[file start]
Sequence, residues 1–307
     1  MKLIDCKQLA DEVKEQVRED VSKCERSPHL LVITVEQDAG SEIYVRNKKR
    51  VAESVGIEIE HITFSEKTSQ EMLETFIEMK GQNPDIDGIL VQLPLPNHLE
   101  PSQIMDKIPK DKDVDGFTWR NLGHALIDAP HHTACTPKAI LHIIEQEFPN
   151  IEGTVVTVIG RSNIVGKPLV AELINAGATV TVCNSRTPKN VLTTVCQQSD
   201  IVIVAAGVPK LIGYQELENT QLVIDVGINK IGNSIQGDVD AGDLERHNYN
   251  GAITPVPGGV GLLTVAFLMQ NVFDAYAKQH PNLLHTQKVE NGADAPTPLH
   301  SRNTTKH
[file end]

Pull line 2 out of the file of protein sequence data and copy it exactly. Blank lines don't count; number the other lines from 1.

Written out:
     1  MKLIDCKQLA DEVKEQVRED VSKCERSPHL LVITVEQDAG SEIYVRNKKR